public member function
<list>

std::list::merge

(1)
  void merge (list& x);
(2)
template <class Compare>
  void merge (list& x, Compare comp);
(1)
  void merge (list& x);
  void merge (list&& x);
(2)
template <class Compare>
  void merge (list& x, Compare comp);
template <class Compare>
  void merge (list&& x, Compare comp);
Merge sorted lists
Merges x into the list by transferring all of its elements at their respective ordered positions into the container (both containers shall already be ordered).

This effectively removes all the elements in x (which becomes empty), and inserts them into their ordered position within container (which expands in size by the number of elements transferred). The operation is performed without constructing nor destroying any element: they are transferred, no matter whether x is an lvalue or an rvalue, or whether the value_type supports move-construction or not.

The template versions with two parameters (2), have the same behavior, but take a specific predicate (comp) to perform the comparison operation between elements. This comparison shall produce a strict weak ordering of the elements (i.e., a consistent transitive comparison, without considering its reflexiveness).

This function requires that the list containers have their elements already ordered by value (or by comp) before the call. For an alternative on unordered lists, see list::splice.

Assuming such ordering, each element of x is inserted at the position that corresponds to its value according to the strict weak ordering defined by operator< or comp. The resulting order of equivalent elements is stable: i.e., equivalent elements preserve the relative order they had before the call, and existing elements precede those equivalent inserted from x.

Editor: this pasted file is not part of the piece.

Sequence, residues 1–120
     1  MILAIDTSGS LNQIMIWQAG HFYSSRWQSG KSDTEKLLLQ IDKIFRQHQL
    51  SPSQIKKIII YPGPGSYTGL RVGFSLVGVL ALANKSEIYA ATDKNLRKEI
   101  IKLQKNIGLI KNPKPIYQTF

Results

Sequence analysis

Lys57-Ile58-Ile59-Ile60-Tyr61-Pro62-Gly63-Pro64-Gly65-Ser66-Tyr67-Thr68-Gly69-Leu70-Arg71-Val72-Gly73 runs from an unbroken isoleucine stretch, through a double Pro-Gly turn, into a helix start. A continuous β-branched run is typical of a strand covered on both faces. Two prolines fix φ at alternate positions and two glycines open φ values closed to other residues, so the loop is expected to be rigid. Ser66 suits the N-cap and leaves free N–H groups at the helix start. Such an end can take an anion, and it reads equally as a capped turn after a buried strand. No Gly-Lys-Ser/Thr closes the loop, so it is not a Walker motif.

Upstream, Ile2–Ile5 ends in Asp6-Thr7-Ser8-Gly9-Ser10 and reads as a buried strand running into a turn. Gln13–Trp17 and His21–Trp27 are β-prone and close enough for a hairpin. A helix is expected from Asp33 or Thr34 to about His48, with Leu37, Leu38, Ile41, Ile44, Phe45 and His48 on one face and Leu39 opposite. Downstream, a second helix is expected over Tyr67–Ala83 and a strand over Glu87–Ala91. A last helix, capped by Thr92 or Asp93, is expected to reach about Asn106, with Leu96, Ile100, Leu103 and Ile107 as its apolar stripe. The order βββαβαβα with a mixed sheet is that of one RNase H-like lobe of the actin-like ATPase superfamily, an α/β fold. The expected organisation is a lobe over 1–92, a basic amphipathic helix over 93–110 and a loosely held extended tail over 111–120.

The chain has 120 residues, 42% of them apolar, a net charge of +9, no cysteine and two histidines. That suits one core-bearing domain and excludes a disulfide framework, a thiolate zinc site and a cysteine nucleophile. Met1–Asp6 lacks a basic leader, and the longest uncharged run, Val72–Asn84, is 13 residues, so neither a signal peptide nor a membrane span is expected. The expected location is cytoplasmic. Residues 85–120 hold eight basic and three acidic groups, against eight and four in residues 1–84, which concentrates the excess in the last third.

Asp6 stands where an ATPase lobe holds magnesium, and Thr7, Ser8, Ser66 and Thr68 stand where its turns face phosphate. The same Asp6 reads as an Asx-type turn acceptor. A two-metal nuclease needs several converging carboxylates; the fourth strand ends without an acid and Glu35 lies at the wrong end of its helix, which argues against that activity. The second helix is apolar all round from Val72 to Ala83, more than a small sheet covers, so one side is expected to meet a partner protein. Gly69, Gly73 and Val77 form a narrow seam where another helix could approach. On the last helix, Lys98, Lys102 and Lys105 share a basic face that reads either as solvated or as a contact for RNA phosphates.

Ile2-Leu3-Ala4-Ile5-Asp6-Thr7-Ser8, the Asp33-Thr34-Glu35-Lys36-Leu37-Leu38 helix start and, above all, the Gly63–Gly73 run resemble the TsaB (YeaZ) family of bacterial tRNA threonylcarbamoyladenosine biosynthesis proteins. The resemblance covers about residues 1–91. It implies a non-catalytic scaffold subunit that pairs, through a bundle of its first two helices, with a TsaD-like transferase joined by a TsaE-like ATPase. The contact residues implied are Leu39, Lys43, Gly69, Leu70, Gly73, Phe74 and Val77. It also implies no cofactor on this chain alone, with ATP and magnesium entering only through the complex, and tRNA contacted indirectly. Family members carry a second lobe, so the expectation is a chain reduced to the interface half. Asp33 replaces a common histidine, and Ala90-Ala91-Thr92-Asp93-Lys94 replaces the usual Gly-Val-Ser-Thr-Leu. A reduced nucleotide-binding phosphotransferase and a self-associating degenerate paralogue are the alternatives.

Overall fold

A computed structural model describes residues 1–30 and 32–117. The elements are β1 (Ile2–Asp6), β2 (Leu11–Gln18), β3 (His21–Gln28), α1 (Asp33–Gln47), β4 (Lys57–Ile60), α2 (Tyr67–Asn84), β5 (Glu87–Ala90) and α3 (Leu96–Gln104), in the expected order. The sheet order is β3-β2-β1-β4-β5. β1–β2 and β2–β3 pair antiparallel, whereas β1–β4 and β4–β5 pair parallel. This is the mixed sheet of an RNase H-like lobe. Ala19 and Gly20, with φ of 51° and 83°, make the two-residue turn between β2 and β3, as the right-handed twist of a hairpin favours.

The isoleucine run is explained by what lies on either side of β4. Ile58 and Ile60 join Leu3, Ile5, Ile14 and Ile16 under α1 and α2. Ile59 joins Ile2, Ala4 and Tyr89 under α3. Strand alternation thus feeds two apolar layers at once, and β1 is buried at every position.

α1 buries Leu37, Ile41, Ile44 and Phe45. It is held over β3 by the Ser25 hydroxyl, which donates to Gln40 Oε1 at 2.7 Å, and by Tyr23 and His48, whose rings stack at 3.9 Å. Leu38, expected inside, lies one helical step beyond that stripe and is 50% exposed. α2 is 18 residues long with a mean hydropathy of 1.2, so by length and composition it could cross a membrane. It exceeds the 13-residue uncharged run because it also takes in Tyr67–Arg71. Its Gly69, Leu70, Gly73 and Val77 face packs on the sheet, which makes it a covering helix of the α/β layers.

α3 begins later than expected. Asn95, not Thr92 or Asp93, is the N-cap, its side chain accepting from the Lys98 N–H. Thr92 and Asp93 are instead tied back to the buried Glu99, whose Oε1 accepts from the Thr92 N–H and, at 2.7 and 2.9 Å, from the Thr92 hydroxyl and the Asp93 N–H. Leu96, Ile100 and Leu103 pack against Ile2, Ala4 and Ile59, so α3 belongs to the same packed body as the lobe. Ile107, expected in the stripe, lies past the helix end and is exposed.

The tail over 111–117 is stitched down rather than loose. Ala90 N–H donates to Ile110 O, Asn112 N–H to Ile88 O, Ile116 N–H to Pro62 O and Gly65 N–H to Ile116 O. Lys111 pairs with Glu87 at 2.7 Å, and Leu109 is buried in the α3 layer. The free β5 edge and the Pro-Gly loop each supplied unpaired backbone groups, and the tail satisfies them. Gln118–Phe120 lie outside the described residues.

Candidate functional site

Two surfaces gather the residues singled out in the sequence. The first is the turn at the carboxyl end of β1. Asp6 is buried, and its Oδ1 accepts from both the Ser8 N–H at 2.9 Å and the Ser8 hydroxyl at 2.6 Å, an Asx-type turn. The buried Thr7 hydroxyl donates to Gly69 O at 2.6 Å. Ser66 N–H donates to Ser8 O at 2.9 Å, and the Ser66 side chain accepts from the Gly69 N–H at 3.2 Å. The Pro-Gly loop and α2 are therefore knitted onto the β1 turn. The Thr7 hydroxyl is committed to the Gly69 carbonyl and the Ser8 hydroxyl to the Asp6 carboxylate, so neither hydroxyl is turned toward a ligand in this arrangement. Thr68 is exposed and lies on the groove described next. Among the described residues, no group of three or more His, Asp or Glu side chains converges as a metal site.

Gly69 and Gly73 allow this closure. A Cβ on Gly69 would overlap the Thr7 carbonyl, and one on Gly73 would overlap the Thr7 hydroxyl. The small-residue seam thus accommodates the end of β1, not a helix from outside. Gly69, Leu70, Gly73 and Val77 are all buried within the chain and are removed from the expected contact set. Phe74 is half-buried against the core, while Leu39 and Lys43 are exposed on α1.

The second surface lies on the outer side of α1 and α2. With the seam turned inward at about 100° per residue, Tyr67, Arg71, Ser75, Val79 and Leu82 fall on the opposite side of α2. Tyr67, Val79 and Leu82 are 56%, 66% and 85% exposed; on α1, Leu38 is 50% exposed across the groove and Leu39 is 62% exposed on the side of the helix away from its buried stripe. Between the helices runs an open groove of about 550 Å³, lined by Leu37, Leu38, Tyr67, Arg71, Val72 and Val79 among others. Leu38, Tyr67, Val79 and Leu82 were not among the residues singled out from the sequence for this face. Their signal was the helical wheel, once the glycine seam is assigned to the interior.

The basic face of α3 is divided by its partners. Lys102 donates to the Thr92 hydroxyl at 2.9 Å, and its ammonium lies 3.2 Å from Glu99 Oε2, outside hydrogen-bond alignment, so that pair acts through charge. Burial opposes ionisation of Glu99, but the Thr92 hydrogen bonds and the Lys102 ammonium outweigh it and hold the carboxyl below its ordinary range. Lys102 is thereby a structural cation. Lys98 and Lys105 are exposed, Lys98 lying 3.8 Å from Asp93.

The function does nothing if (&x == this).

Parameters

x
A list object of the same type (i.e., with the same template parameters, T and Alloc).
Note that this function modifies x no matter whether an lvalue or rvalue reference is passed.
comp
Binary predicate that, taking two values of the same type than those contained in the list, returns true if the first argument is considered to go before the second in the strict weak ordering it defines, and false otherwise.
This shall be a function pointer or a function object.

Return value

none

Example

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// list::merge
#include <iostream>
#include <list>

// compare only integral part:
bool mycomparison (double first, double second)
{ return ( int(first)<int(second) ); }

int main ()
{
  std::list<double> first, second;

  first.push_back (3.1);
  first.push_back (2.2);
  first.push_back (2.9);

  second.push_back (3.7);
  second.push_back (7.1);
  second.push_back (1.4);

  first.sort();
  second.sort();

  first.merge(second);

  // (second is now empty)

  second.push_back (2.1);

  first.merge(second,mycomparison);

  std::cout << "first contains:";
  for (std::list<double>::iterator it=first.begin(); it!=first.end(); ++it)
    std::cout << ' ' << *it;
  std::cout << '\n';

  return 0;
}


Output:
first contains: 1.4 2.2 2.9 2.1 3.1 3.7 7.1
Notice how in the second merger, the function mycomparison (which only compares the integral parts) did not consider 2.1 lower than 2.2 or 2.9, so it was inserted right after them, before 3.1.


Complexity

At most, linear in the sum of both container sizes minus one (comparisons).

Iterator validity

No changes on the iterators, pointers and references related to the container before the call.
The iterators, pointers and references that referred to transferred elements keep referring to those same elements, but iterators now iterate into the container the elements have been transferred to.

Data races

Both the container and x are modified.
Concurrently accessing or modifying their elements is safe, although iterating through either container is not.

Exception safety

If the allocators in both containers do not compare equal, if comp does not define a strict weak ordering, or if the container elements are not ordered according to it, it causes undefined behavior.
Otherwise, if an exception is thrown by a comparison, the container is left in a valid state (basic guarantee).
Otherwise, if an exception is thrown, there are no changes in the container (strong guarantee).

See also